CHICAGO (Reuters) - The junk-rated Chicago Board of Education completed an up-sized bond sale on Thursday with a pricing that indicated an easing in the municipal market penalty the district has been forced to pay due to its deep financial problems.
The new and refunding general obligation bond issue was increased to $1.025 billion from $857.5 million. Yields in the deal topped out at 4.80 percent for bonds due in 2046.
Greg Saulnier, an analyst at Municipal Market Data (MMD), said spreads over MMD’s benchmark triple-A yield scale narrowed to 213 basis points for the deal’s long bonds from around 230 basis points in secondary market trading. He added that the school system was also able to offer lower coupons of 5 percent throughout the deal.
A July bond sale for the Chicago Public Schools (CPS) included heftier 7 percent coupons.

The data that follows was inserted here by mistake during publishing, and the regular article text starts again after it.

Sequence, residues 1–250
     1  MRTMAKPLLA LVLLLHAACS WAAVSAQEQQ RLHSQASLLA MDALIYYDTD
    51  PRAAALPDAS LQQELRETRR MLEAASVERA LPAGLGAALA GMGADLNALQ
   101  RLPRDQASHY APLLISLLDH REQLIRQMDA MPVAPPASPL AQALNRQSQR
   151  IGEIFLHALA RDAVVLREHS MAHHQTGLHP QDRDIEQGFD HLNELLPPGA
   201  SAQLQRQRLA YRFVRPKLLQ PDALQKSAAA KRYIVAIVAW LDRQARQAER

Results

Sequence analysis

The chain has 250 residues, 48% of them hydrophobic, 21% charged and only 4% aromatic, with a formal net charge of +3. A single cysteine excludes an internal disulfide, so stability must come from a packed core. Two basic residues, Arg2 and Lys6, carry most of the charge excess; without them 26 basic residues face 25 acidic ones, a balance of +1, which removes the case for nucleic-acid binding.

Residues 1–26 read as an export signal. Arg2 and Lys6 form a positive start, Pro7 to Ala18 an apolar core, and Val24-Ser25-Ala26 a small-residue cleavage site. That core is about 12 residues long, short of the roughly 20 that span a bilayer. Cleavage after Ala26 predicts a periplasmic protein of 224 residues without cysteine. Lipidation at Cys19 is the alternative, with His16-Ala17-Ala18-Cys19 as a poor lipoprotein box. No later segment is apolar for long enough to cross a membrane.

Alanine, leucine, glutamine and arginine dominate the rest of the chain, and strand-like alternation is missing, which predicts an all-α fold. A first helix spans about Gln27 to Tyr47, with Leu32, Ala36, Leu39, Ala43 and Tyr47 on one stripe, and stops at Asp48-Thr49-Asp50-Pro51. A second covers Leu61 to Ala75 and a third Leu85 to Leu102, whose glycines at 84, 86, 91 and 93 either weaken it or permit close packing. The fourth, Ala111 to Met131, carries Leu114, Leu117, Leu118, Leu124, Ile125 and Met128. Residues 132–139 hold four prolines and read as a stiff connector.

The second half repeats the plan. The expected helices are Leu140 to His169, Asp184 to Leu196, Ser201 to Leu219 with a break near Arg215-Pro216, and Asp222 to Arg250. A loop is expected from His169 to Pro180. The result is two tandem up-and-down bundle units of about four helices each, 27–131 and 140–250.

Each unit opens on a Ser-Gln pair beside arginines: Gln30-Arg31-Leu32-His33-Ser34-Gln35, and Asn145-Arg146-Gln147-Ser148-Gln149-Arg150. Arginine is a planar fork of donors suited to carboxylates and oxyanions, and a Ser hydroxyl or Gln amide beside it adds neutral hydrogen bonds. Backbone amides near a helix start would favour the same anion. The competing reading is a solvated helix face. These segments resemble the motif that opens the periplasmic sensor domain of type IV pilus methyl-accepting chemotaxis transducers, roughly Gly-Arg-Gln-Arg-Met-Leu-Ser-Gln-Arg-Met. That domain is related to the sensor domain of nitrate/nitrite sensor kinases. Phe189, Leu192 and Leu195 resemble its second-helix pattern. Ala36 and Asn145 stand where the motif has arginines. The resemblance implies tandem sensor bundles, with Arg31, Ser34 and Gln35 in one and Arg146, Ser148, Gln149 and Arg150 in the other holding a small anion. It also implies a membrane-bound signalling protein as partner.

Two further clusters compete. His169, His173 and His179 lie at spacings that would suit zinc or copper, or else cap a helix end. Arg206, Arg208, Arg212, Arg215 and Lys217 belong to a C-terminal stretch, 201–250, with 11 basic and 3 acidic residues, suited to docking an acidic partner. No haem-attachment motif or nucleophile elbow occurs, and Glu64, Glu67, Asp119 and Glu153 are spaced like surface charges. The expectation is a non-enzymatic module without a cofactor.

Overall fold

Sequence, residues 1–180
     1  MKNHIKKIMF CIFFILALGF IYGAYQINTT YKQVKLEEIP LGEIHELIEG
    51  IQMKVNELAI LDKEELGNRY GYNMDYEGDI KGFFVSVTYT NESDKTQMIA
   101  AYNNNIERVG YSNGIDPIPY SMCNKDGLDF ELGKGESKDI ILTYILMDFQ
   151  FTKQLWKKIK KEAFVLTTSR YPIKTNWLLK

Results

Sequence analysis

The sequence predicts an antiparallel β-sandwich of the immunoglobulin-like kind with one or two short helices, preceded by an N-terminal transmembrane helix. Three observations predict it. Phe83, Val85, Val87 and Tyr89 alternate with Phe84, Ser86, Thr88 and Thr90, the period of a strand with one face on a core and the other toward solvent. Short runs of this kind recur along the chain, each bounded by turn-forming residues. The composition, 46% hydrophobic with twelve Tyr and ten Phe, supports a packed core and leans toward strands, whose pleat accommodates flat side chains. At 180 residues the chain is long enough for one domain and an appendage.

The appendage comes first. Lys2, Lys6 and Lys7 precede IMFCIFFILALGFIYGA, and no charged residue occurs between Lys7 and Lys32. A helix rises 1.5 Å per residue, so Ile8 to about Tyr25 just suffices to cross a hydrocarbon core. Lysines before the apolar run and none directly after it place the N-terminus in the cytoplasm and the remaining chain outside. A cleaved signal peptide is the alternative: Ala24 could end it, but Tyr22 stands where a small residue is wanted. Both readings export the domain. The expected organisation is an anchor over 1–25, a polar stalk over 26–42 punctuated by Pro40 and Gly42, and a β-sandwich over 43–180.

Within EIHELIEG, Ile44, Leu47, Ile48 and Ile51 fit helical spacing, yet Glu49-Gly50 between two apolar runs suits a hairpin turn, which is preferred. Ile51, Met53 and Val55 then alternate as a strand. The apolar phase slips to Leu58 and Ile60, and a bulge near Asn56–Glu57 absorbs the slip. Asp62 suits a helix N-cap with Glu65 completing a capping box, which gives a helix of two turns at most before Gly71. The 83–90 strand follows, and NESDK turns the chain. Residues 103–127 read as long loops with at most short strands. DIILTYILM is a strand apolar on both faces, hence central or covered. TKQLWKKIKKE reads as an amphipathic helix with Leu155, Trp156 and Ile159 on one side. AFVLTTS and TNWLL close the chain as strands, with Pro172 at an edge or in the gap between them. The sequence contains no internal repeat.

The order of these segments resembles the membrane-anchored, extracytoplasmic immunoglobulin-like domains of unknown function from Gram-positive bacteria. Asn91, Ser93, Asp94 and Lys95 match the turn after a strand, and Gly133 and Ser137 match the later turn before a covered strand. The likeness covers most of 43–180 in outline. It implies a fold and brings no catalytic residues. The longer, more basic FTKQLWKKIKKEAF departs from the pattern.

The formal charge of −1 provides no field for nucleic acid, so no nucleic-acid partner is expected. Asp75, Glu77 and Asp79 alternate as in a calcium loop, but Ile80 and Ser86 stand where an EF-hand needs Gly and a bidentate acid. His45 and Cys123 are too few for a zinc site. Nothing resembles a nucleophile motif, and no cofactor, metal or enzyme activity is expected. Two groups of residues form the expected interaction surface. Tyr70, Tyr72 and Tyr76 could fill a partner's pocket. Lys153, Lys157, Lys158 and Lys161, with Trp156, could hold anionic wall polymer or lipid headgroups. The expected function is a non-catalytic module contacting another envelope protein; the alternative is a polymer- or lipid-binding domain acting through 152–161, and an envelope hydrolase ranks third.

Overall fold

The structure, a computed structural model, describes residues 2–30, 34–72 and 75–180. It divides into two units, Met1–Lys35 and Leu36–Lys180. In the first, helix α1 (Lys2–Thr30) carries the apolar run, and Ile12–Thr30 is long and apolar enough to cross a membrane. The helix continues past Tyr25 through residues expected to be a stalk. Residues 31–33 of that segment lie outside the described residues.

“(CPS) should realize a fair amount of savings from tighter spreads and lower coupons,” Saulnier said.
The district did not respond to requests for comment about the bond sale.
Escalating pension payments have led to junk credit ratings, drained reserves and debt dependency for the nation’s third-largest public school system.
School officials launched the latest bond sale with a message to potential investors that a new Illinois education funding formula will allow CPS to repair its finances.
The formula, which was enacted in August, allocates an additional $450 million to CPS in the current fiscal year from new state money for operations and pensions and a local property tax increase.
On Wednesday, CPS sold nearly $65 million of A-rated capital improvement tax bonds with a top yield of 3.94 percent for bonds due in 2046 with a 5 percent coupon.
Yields in both deals were lowered in repricings through senior underwriter J.P. Morgan Securities.
Reporting by Karen Pierog; Editing by Lisa Shumaker
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